Photoshop is a fantastic design tool to manipulate and process photos, but it’s not really the right tool for the job for most text-based invitations that are slated for commercial printing. Even if you love Photoshop, it’s so much easier to start in Illustrator than to export and fix a file that was started in Photoshop. If you are having us print your invitations, please just trust us on this and use Illustrator or InDesign. (If you are printing at home, of course, you can use whatever program you like :-))

We love InDesign for invitation design, and if we’re designing your invitation, this is the program we use.  However, it was easier to create a self-explanatory template in Illustrator and this seems to be the program that many of our brides use, so we started there. You can certainly set up sizes and guides you like in Illustrator using the PDF version of the template, then bring in the individual .pdf files into InDesign as a guide. Perhaps this strategy would work for Quark or Corel users as well. (We don’t have either of those platforms, so you’ll be on your own there.)  Try them out and let us know what you think!

Resources for Designing Your Own Invitations

All our templates are blank so you can create whatever you can imagine. Here are some resources to assist you in finding the perfect fonts and artwork for your custom invitation.

Click on one of the Inspiration gallery links above if you are in need of a little inspiration.


The fonts you select set the mood for your entire event, whether it be formal, casual, rustic, retro, modern… This first link features many of our invitation fonts with links to purchase or download each one.

Click here to view our Collection of Invitation Fonts for Weddings, Bar Mitzvahs/Bat Mitzvahs, Birthdays, Celebrations and more.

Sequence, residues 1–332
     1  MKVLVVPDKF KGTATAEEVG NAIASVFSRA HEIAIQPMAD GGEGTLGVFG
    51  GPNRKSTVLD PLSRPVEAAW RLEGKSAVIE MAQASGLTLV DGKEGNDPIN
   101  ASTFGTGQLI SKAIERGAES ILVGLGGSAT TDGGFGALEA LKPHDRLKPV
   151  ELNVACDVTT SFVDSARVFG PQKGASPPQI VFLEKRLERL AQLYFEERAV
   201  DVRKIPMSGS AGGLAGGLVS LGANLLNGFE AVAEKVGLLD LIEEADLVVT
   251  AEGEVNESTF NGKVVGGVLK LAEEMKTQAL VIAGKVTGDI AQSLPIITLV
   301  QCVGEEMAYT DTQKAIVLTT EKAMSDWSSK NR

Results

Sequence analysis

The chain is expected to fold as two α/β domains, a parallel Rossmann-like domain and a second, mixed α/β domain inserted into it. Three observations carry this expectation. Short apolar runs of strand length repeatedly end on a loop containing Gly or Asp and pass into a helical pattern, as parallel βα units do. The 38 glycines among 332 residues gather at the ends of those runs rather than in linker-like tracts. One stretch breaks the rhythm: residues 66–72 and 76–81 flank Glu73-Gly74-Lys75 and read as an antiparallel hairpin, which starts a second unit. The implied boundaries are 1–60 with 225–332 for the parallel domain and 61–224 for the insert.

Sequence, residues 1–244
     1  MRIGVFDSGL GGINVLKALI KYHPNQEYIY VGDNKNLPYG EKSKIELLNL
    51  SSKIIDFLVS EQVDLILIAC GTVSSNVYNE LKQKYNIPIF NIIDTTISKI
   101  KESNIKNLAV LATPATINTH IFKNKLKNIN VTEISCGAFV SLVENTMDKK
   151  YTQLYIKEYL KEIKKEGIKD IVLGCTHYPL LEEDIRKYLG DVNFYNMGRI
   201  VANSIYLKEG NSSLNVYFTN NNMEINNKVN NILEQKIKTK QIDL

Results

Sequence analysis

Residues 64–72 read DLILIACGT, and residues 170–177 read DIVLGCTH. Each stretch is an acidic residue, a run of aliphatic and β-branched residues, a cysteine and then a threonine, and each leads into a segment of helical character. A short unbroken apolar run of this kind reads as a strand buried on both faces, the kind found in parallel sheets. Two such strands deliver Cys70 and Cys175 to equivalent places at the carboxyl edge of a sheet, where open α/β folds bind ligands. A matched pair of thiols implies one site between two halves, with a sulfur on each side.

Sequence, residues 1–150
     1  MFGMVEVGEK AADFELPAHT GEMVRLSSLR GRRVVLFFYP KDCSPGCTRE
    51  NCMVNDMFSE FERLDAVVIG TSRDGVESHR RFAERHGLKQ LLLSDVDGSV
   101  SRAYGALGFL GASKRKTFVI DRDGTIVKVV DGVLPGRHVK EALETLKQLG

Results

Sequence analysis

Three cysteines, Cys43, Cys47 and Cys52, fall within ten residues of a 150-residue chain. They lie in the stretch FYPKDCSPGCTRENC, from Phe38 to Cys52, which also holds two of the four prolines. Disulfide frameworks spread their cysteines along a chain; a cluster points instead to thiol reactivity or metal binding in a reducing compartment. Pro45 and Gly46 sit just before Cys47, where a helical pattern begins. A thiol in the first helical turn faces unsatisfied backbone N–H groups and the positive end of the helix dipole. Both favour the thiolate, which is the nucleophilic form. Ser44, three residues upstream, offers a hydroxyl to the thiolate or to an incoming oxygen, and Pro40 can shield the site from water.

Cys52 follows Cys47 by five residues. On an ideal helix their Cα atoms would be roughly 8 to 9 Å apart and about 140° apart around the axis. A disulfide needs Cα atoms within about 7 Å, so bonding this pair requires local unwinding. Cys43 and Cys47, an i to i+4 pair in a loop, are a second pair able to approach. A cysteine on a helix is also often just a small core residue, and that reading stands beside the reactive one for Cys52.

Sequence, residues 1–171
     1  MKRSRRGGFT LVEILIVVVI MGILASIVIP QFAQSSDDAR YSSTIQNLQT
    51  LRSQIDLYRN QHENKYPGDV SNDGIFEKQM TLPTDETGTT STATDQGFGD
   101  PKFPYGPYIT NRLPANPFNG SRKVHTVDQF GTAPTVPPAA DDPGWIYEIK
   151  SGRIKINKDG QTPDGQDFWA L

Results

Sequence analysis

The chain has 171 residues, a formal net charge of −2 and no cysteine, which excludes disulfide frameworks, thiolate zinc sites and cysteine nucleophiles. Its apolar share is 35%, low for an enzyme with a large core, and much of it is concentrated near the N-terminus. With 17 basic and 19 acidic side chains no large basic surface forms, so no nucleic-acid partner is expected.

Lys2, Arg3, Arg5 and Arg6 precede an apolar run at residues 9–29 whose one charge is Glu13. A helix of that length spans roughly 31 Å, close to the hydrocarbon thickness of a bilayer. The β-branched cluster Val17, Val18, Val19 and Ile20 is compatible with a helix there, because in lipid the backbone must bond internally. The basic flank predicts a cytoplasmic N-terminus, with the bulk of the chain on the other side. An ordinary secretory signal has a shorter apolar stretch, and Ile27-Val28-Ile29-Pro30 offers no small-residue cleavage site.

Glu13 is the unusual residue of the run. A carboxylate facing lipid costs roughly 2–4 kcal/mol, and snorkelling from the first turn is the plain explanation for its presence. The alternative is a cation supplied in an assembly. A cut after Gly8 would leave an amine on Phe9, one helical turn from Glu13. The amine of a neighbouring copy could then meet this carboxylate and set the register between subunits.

Here are links to our three favorite places to buy fonts. These paid sites, including Myfonts.com, Fonts.com, and Veer.com are all trusted sources, with whom we are affiliates and regularly purchase fonts from ourselves.

www.myfonts.com – our favorite – carries most of the fonts from many font foundries

www.fonts.com – also a good resource and carries a large selection

www.veer.com – gorgeous fonts that you often cannot find elsewhere (a little pricey, but amazing – check out Burgues, Compendium, Adios, Feel, & Hiatus to name a few.)

If your are looking for something a little retro and quite uncommon, try this site (interesting old-style fonts and lots of unique frames):


There are many free font resources as well.  Some are safer than others. We do like this one, which features many lovely fonts, and we’ve had good luck with it:



Artwork can add so much to your invitation design, if you can find what you are looking for.  Sometimes quality artwork is hard to find, but here is one of our favorite affiliate resources, our go-to sites for invitation images. (Don’t forget to look at the font resources above for artwork, too.  There are several fonts that feature lovely scrolls and flourishes instead of or in addition to the alphabets, as in the image above. Veer, also listed above, sells illustrations in addition to fonts.)